Revision #1 Authors: Prashanth Amireddy, Amik Raj Behera, Manaswi Paraashar, Srikanth Srinivasan, Madhu Sudan

Accepted on: 24th April 2024 21:33

Downloads: 23

Keywords:

We consider the task of locally correcting, and locally list-correcting, multivariate linear functions over the domain $\{0,1\}^n$ over arbitrary fields and more generally Abelian groups. Such functions form error-correcting codes of relative distance $1/2$ and we give local-correction algorithms correcting up to nearly $1/4$-fraction errors making $\widetilde{\mathcal{O}}(\log n)$ queries. This query complexity is optimal up to $\text{poly}(\log\log n)$ factors. We also give local list-correcting algorithms correcting $(1/2 - \varepsilon)$-fraction errors with $\widetilde{\mathcal{O}}_\varepsilon(\log n)$ queries.

These results may be viewed as natural generalizations of the classical work of Goldreich and Levin whose work addresses the special case where the underlying group is $\mathbb{Z}_2$. By extending to the case where the underlying group is, say, the reals, we give the first non-trivial locally correctable codes (LCCs) over the reals (with query complexity being sublinear in the dimension (also known as message length)).

Previous works in the area mostly focused on the case where the domain is a vector space or a group and this lends to tools that exploit symmetry. Since our domains lack such symmetries, we encounter new challenges whose resolution may be of independent interest. The central challenge in constructing the local corrector is constructing "nearly balanced vectors" over $\{-1,1\}^n$ that span $1^n$ --- we show how to construct $\mathcal{O}(\log n)$ vectors that do so, with entries in each vector summing to $\pm1$. The challenge to the local-list-correction algorithms, given the local corrector, is principally combinatorial, i.e., in proving that the number of linear functions within any Hamming ball of radius $(1/2-\varepsilon)$ is $\mathcal{O}_\varepsilon(1)$. Getting this general result covering every Abelian group requires integrating a variety of known methods with some new combinatorial ingredients analyzing the structural properties of codewords that lie within small Hamming balls.

Added new references related to local testing.

TR24-056 Authors: Prashanth Amireddy, Amik Raj Behera, Manaswi Paraashar, Srikanth Srinivasan, Madhu Sudan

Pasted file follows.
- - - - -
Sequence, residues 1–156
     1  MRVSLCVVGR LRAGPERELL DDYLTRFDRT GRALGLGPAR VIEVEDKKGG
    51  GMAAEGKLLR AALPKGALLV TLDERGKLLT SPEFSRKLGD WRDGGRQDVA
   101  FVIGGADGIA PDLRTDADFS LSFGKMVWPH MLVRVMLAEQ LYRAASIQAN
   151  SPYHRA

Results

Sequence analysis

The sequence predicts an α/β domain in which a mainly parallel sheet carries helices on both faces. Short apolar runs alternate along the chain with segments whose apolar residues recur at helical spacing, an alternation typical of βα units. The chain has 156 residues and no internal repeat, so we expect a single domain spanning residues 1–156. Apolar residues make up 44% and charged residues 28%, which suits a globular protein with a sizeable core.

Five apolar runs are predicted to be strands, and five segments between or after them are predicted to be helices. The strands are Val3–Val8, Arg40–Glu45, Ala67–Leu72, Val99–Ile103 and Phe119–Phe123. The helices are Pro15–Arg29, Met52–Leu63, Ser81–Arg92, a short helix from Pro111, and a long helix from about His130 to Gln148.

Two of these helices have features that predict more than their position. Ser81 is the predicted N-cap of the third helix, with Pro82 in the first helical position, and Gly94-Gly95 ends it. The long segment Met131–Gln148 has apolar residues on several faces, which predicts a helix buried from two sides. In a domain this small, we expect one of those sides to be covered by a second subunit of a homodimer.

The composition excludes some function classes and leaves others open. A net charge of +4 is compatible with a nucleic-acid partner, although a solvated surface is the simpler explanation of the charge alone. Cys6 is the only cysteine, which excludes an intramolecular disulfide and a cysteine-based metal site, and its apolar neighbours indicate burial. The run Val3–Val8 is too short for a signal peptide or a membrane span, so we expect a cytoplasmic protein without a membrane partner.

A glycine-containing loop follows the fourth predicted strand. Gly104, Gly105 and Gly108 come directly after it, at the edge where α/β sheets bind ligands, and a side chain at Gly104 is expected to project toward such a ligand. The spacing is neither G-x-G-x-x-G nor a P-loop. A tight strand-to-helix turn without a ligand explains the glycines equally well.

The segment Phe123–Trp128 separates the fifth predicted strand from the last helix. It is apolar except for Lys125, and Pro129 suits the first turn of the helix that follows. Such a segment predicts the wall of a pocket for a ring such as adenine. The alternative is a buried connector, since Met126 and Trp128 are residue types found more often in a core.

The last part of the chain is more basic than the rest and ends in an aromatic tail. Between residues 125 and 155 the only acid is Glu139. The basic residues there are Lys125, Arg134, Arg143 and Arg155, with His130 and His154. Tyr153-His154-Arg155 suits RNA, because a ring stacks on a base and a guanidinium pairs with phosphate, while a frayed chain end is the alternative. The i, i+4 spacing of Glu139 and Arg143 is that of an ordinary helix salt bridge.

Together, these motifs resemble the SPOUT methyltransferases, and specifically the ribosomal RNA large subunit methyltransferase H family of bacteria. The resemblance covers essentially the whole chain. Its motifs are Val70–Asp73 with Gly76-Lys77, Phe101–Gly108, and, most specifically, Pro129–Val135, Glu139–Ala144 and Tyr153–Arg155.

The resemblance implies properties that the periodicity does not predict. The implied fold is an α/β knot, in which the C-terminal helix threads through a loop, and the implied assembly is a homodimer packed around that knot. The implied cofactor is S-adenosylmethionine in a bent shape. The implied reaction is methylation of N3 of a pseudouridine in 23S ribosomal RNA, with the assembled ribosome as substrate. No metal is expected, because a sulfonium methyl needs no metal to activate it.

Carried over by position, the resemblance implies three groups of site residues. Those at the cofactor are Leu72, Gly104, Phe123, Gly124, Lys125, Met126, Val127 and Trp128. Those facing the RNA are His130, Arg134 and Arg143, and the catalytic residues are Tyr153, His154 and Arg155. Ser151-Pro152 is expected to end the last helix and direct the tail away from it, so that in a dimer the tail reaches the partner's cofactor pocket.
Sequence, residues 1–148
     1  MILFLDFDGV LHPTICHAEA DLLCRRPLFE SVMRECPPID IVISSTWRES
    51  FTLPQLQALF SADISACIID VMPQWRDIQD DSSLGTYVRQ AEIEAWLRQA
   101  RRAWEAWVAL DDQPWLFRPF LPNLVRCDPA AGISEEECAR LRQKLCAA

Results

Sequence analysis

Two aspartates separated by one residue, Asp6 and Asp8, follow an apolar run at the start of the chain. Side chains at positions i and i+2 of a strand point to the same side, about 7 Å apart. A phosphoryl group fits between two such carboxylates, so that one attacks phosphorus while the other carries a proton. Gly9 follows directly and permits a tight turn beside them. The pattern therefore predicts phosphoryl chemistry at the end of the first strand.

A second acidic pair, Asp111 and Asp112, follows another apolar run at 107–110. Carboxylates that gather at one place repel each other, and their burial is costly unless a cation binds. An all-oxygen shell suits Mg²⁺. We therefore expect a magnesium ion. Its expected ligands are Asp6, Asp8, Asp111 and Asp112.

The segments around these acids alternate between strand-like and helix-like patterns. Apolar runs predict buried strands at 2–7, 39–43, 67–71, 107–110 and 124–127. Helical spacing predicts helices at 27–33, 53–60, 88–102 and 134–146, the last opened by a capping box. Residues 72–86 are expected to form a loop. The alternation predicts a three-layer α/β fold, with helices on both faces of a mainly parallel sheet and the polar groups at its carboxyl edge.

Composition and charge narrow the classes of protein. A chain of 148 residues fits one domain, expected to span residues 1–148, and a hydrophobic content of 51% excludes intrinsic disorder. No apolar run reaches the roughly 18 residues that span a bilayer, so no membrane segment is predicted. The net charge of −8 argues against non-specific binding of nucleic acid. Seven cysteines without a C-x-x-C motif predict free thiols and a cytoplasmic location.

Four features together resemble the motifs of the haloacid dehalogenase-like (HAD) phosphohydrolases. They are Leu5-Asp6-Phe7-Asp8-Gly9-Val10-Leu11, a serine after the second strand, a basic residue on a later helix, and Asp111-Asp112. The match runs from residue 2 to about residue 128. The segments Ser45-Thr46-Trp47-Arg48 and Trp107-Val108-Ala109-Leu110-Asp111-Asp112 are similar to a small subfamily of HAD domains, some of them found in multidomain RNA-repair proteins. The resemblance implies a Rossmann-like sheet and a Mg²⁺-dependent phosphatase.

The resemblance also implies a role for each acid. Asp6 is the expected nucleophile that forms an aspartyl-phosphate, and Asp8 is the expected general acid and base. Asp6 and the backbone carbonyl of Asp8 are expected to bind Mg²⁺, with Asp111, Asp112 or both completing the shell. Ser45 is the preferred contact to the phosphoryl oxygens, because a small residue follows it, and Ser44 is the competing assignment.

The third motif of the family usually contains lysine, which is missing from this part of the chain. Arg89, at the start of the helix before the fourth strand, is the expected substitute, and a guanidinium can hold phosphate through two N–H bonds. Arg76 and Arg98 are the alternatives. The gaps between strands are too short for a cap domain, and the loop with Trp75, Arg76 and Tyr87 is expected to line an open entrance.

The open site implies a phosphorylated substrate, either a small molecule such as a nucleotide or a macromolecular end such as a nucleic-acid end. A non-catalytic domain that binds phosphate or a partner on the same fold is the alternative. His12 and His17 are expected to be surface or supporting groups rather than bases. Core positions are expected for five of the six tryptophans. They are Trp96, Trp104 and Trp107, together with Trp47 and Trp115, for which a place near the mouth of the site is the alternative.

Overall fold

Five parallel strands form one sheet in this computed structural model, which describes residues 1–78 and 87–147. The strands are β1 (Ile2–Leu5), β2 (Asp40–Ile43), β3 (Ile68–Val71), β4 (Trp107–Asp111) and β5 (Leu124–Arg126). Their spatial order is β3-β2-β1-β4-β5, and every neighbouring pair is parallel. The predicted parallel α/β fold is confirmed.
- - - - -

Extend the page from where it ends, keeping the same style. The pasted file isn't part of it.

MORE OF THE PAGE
Publication: 29th March 2024 19:22

Downloads: 177

Keywords:

We consider the task of locally correcting, and locally list-correcting, multivariate linear functions over the domain $\{0,1\}^n$ over arbitrary fields and more generally Abelian groups. Such functions form error-correcting codes of relative distance $1/2$ and we give local-correction algorithms correcting up to nearly $1/4$-fraction errors making $\widetilde{\mathcal{O}}(\log n)$ queries. This query complexity is optimal up to $\text{poly}(\log\log n)$ factors. We also give local list-correcting algorithms correcting $(1/2 - \varepsilon)$-fraction errors with $\widetilde{\mathcal{O}}_\varepsilon(\log n)$ queries.

These results may be viewed as natural generalizations of the classical work of Goldreich and Levin whose work addresses the special case where the underlying group is $\mathbb{Z}_2$. By extending to the case where the underlying group is, say, the reals, we give the first non-trivial locally correctable codes (LCCs) over the reals (with query complexity being sublinear in the dimension (also known as message length)).

Previous works in the area mostly focused on the case where the domain is a vector space or a group and this lends to tools that exploit symmetry. Since our domains lack such symmetries, we encounter new challenges whose resolution may be of independent interest. The central challenge in constructing the local corrector is constructing "nearly balanced vectors" over $\{-1,1\}^n$ that span $1^n$ --- we show how to construct $\mathcal{O}(\log n)$ vectors that do so, with entries in each vector summing to $\pm1$. The challenge to the local-list-correction algorithms, given the local corrector, is principally combinatorial, i.e., in proving that the number of linear functions within any Hamming ball of radius $(1/2-\varepsilon)$ is $\mathcal{O}_\varepsilon(1)$. Getting this general result covering every Abelian group requires integrating a variety of known methods with some new combinatorial ingredients analyzing the structural properties of codewords that lie within small Hamming balls.